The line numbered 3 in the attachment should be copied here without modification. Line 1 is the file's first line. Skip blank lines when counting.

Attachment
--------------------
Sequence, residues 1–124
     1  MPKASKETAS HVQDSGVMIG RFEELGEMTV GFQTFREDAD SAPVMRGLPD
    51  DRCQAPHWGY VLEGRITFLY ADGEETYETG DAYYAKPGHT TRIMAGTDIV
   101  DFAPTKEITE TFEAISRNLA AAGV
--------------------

    51  DRCQAPHWGY VLEGRITFLY ADGEETYETG DAYYAKPGHT TRIMAGTDIV